I am pretty slowpoke but I just realized that kernel was not upgrading all this time. Other packages seems to be upgrading but the kernel is not. I stuck with 4.4.79 which was released Aug 2 for Omnia right before I configured extroot.

Does anyone use extroot except me? If so - did you solve that problem with kernel updates?

P.S. As a quick fix I tried to run:

mount -o remount,rw /rom
cp -r /boot /rom/boot
cp -r /lib/modules /rom/lib/

It helped - the kernel upgraded and device booted without errors. I’ll investigate how reliable is that method.


I use direct external boot from SSD with MMC as second boot option. It is a bit like extroot but without the big hassle with updates. Updates work like reboot to MMC and update there. Side effect of my solution: the led counts for recovery etc are off by one (1 LED boots to SSD, 2 LED boot to MMC (normal), 3 LED rollback snapshot on MMC, 4 LED factory reset, …). This will be changed back to original if i find a way to detect if reset was pressed but only for the first LED or not pressed at all.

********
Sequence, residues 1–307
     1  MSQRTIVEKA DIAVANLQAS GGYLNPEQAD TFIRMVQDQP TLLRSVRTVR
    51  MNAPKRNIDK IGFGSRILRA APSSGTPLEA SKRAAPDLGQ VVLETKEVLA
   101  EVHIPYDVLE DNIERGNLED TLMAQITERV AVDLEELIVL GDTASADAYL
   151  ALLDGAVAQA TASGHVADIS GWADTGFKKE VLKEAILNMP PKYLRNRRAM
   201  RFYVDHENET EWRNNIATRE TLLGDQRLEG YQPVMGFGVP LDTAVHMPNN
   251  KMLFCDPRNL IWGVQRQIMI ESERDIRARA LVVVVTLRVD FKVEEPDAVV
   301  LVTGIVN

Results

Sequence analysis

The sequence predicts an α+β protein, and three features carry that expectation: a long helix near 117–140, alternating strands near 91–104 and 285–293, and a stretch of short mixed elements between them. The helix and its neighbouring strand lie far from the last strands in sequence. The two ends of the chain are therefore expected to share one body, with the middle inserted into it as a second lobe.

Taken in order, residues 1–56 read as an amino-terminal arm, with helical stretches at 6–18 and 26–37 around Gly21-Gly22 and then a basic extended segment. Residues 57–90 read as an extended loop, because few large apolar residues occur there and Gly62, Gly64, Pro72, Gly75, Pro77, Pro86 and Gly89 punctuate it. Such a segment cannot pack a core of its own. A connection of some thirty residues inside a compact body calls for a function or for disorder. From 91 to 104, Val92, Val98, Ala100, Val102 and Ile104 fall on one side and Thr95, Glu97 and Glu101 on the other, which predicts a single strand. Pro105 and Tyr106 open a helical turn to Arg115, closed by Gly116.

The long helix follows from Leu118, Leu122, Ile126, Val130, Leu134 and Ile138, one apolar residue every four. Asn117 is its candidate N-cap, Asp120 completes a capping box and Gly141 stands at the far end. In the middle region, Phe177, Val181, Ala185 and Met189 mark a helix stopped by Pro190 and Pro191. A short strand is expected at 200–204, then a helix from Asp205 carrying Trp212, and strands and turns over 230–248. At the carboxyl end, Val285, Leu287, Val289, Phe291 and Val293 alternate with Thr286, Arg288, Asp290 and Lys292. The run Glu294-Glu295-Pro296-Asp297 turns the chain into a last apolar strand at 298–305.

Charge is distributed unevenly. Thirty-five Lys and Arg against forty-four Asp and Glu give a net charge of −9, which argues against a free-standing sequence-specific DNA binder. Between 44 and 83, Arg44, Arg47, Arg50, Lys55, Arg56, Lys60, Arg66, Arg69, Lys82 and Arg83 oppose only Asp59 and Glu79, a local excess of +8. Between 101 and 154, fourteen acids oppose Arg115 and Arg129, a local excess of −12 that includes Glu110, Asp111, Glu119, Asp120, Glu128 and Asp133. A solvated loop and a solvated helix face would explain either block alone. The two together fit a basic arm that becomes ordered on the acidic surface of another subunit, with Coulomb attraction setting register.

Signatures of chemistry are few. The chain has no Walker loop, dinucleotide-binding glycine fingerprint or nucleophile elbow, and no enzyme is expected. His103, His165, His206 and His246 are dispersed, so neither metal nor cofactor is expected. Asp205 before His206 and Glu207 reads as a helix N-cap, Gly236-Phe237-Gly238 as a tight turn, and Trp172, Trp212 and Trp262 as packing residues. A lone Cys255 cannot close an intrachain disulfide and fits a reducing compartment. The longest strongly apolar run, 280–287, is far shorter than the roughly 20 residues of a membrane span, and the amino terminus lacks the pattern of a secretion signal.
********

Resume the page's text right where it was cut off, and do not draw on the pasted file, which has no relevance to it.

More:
This may break a bit when you disable extroot but flashing with the medkit (recovery) will work. Another option could be chroot to /rom (mounted r/w) and callling pkgupdate but there may be really nasty side-effects.

Root fs on mSATA drive?

Oh, that’s cool! I’d prefer direct boot over extroot if I knew how to achieve that. Did you modify the bootloader? Can you share your knowledge via a wiki article? That would be helpful.


No, i didn’t change the bootloader itself but the u-boot environment variables.

u-boot runs the variable bootcmd on boot. It reads the number of LEDs lid while in reset to the variable rescue and if it is zero it runs $mmcboot else $rescueboot.

bootcmd=i2c dev 1; i2c read 0x2a 0x9 1 0x00FFFFF0; setexpr.b rescue *0x00FFFFF0; if test $rescue -ge 1; then echo BOOT RESCUE; run rescueboot; else echo BOOT eMMC FS; run mmcboot; fi


Do not do this without alternate means to get online and a mean to use the serial console to change things in the bootloader the hard way! I give no warranty as this is not exactly the environment i use.

I modified bootcmd and added ssdboot